It’s a holy week for Christians and Jews, and Old Pine Street Presbyterian Church is broadcasting a message from its signboard on the 400 block of Pine Street. It’s not scripture but poet Rainer Maria Rilke: It is spring again. The earth is like a child that knows poems by heart.
Old Pine’s signboard delivers thoughtful words from some unlikely sources, from the Grateful Dead to Albert Camus. Poetry, lyrics, and proverbs are all fair game. The quotes are a little gift to the street, rewarding all who bother to notice.
Rev. Jason Ferris is the mind behind the signboard, and said every six weeks or so he changes the message. He hopes these words can be a point of inspiration, expressing civility or connection.
“I know people are so busy, and so distracted, and so preoccupied with the stress of living in a city. If we can provide an opportunity to take a break, to reflect on their lives for a moment, that’s something we delight in doing,” Rev. Ferris told me, walking through the churchyard on a beautiful spring afternoon.
Ferris said the message signboard was daunting when he first came to Old Pine, the city's oldest Presbyterian church, a couple years ago. He wasn't sure what to do with it but knew he wanted to avoid the pitfalls he’s seen when churches try to be funny or proselytizing via their message boards. Instead he said he takes to heart the idea that you should preach with the Bible in one hand and the newspaper in the other.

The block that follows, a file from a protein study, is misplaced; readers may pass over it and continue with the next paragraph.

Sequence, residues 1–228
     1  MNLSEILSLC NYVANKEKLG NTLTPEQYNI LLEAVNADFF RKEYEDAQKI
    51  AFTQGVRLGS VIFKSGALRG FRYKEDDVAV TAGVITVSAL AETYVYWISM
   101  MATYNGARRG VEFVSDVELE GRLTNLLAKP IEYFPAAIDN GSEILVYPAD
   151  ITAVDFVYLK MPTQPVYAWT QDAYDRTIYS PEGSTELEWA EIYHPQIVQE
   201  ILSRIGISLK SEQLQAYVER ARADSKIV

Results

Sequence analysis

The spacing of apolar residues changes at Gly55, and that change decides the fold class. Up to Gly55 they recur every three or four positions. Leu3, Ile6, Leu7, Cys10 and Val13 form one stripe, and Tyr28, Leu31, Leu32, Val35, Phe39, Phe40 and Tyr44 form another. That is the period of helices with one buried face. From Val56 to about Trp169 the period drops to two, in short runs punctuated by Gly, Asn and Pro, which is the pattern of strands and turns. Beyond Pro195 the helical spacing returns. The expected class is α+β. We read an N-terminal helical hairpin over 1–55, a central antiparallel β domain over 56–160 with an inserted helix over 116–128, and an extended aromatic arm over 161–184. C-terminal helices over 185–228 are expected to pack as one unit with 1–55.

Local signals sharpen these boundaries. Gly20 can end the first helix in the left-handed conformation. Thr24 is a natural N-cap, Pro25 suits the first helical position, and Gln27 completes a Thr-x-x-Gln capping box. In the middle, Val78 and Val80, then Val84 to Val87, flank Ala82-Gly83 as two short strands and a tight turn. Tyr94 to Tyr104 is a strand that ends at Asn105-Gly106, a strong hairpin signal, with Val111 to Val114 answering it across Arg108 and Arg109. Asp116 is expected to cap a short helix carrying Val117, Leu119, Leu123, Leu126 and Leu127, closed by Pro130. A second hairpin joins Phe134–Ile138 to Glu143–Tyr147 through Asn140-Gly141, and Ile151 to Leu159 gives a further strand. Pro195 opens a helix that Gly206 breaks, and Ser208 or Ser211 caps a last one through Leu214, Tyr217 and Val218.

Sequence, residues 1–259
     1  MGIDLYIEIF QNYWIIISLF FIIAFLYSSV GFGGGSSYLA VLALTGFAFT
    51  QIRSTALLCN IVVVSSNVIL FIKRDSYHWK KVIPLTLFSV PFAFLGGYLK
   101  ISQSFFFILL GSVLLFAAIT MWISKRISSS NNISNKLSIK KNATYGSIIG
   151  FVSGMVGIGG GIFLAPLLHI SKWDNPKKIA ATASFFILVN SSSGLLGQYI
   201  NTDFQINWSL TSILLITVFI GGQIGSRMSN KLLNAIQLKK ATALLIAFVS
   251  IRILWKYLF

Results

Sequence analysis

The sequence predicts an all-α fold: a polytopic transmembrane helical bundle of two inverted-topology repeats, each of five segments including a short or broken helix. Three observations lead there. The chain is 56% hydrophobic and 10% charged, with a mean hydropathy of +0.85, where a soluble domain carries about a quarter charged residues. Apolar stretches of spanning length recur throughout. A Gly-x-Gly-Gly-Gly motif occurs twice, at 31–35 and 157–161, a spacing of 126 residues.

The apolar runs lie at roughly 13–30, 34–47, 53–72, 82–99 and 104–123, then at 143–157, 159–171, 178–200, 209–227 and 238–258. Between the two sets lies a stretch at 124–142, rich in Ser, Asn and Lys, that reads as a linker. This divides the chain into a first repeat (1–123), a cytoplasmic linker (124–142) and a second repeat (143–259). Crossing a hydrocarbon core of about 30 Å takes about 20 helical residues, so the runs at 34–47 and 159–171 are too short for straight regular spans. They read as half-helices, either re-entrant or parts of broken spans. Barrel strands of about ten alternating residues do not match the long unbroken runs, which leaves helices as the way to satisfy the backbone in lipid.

So he draws from a deep well of cultural references for the signboard, sermon and music during services. (On Easter Sunday the church will be hearing a modified version of George Harrison’s "My Sweet Lord," with hallelujahs replacing the hare krishnas.) Ferris and his wife are documentary filmmakers, he’s been a writer and social worker prior to his life as a minister.
He uses current events, the seasons, a notable passing as his inspiration for the signboard's words. When it’s Martin Luther King Day, expect a quote from King. When Nelson Mandela and Pete Seeger died, there were their words.
“I try to relate,” Ferris said, pleased that his signboard's words have drawn some attention.
Ashley writes and edits Eyes on the Street. She has a special interest in preservation, neighborhoods, and all things public – from policy to art. Ashley holds masters degrees in City and Regional Planning and Historic Preservation from PennDesign.
Ashley has lived in 12 zip codes that she can think of, including neighborhoods in Los Angeles, Chicago, Boston, New York and Philadelphia. She is proud to call 19147 home.
Find Ashley on twitter @ashleyjhahn.